Judge backs $80 billion Time Warner deal as media companies eye wave of consolidation
By Brent Kendall and Drew FitzGerald
This article is being republished as part of our daily reproduction of WSJ.com articles that also appeared in the U.S. print edition of The Wall Street Journal (June 13, 2018).
WASHINGTON -- A federal judge ruled Tuesday that AT&T Inc. can proceed with its blockbuster acquisition of Time Warner Inc., without any conditions, marking a historic defeat for the Justice Department that could rewrite the media landscape and set the stage for other deals.
U.S. District Judge Richard Leon told a packed courtroom that the department hadn't proved its case that the deal would suppress competition in the pay-TV industry.
At one point waving his 172-page opinion in the air, Judge Leon declared: "The court has now spoken and the defendants have won."
The moment provided a final act of drama in a case that carried the highest stakes for the two companies, their leaders and the Trump administration's antitrust enforcement. President Donald Trump was unusually direct in opposing the deal, both before and after taking office, giving the case an unusual political cast.
The decision, in one of the biggest antitrust cases in decades, is a milestone victory for AT&T as it looks to reposition itself in a rapidly evolving media landscape. Its deal for Time Warner, now valued at roughly $80 billion, has been pending since October 2016.
The ruling could set off a round of media mergers. Other companies have been waiting to see how the AT&T case turned out, including Comcast Corp., which has been planning a bid to buy the bulk of 21st Century Fox Inc.'s assets. The decision will give ammunition to Comcast as its argues to Fox and its shareholders that a tie-up between the companies could withstand a regulatory review. A Comcast offer would disrupt Walt Disney Co.'s $52.4 billion all-stock deal with 21st Century Fox, announced in December.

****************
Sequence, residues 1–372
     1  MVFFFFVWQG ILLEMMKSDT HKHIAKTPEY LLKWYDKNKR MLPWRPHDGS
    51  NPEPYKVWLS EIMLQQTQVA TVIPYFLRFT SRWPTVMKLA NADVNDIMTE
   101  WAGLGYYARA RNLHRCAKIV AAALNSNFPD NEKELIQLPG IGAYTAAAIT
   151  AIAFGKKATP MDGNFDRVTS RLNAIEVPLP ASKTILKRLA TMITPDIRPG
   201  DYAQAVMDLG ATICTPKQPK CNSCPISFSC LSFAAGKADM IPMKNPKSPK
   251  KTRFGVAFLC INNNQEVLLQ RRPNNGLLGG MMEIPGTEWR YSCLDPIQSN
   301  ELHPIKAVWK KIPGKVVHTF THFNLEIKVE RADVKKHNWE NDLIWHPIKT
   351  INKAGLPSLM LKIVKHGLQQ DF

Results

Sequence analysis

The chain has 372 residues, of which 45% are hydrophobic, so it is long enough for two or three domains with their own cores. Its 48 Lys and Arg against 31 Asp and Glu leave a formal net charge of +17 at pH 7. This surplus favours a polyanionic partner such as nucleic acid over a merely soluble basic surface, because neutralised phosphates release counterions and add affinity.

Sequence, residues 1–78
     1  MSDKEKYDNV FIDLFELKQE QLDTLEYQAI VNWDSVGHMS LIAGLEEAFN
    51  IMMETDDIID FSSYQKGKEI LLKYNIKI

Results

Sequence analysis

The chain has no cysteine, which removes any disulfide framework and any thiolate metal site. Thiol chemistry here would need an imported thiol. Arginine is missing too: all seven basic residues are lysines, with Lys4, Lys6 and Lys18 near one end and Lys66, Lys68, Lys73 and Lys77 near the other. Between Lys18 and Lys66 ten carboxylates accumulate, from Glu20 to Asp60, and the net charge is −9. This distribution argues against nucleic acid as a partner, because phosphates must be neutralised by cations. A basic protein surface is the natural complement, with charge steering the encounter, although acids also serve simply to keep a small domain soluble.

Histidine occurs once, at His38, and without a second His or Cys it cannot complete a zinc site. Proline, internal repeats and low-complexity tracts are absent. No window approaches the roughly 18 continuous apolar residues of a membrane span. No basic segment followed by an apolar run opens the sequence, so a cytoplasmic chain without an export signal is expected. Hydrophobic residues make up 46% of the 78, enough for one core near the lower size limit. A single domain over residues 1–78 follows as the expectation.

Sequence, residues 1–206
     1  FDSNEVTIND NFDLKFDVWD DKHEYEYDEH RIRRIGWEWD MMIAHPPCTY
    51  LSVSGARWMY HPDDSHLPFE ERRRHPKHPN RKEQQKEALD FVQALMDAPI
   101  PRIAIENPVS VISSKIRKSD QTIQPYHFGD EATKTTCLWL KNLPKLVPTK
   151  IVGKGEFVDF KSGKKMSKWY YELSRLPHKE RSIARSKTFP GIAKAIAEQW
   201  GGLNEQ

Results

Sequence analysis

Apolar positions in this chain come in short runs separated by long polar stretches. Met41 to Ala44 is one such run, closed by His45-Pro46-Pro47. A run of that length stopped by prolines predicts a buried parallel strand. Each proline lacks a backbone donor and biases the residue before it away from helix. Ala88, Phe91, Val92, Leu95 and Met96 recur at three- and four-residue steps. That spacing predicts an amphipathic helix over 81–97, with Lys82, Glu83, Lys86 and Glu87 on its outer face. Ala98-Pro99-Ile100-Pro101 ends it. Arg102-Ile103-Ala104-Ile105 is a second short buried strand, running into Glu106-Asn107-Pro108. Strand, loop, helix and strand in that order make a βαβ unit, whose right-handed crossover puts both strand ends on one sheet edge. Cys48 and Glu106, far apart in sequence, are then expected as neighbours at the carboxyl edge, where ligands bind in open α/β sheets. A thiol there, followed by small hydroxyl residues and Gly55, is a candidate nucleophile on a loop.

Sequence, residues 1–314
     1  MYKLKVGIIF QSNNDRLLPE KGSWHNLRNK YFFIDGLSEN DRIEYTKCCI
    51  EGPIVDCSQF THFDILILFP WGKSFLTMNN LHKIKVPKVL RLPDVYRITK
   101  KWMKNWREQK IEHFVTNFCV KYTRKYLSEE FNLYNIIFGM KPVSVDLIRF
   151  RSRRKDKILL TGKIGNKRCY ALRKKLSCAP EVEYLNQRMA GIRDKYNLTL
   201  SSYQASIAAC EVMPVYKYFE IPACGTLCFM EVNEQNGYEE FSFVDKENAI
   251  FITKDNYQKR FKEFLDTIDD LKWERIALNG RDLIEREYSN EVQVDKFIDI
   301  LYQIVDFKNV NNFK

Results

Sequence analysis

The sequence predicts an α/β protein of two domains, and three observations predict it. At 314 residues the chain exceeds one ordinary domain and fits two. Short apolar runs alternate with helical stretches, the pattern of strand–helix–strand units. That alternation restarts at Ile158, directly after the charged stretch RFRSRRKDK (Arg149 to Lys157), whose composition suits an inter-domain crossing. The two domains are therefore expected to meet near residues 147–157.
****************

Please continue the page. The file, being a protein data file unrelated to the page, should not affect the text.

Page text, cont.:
Underlining the magnitude of AT&T's victory, Judge Leon took the unusual step of urging the government to let the companies close their deal without further legal interference.
Judge Leon said he hoped the Justice Department would have the "wisdom" not to seek an emergency stay of his ruling, saying such a legal maneuver would be "manifestly unjust" to AT&T and Time Warner.
The acquisition means that AT&T, already the nation's top pay-TV distributor through its ownership of DirecTV, will now also control some of cable TV's best-known channels, including HBO, CNN, TNT and TBS, as well as the Warner Bros. TV and film studio.
Judge Leon made headlines during the trial when he questioned whether a key Justice Department theory, backed by a well-respected economist, was a Rube Goldberg contraption.
He went a step further Tuesday in his strongly worded opinion. "In fairness to Mr. Goldberg, at least his contraptions would normally move a pea from one side of a room to another," Judge Leon wrote.
The decision hands the Justice Department's antitrust division one of its most stinging losses ever.
"We are disappointed with the Court's decision today," Makan Delrahim, chief of the Justice Department's antitrust division, said in a statement shortly after the ruling. "We continue to believe that the pay-TV market will be less competitive and less innovative as a result of the proposed merger between AT&T and Time Warner."
The department will review the ruling, he said, and "consider next steps."
Mr. Delrahim attended Tuesday's hearing and sat stone-faced as he listened, occasionally taking notes as the judge spoke. Some of the 100 spectators in attendance had camped out overnight, or hired line-standers, to win a seat. The judge barred people from the leaving until he was done, and he commanded that there be no celebrations -- or consolations -- in his courtroom. Everyone abided by the orders.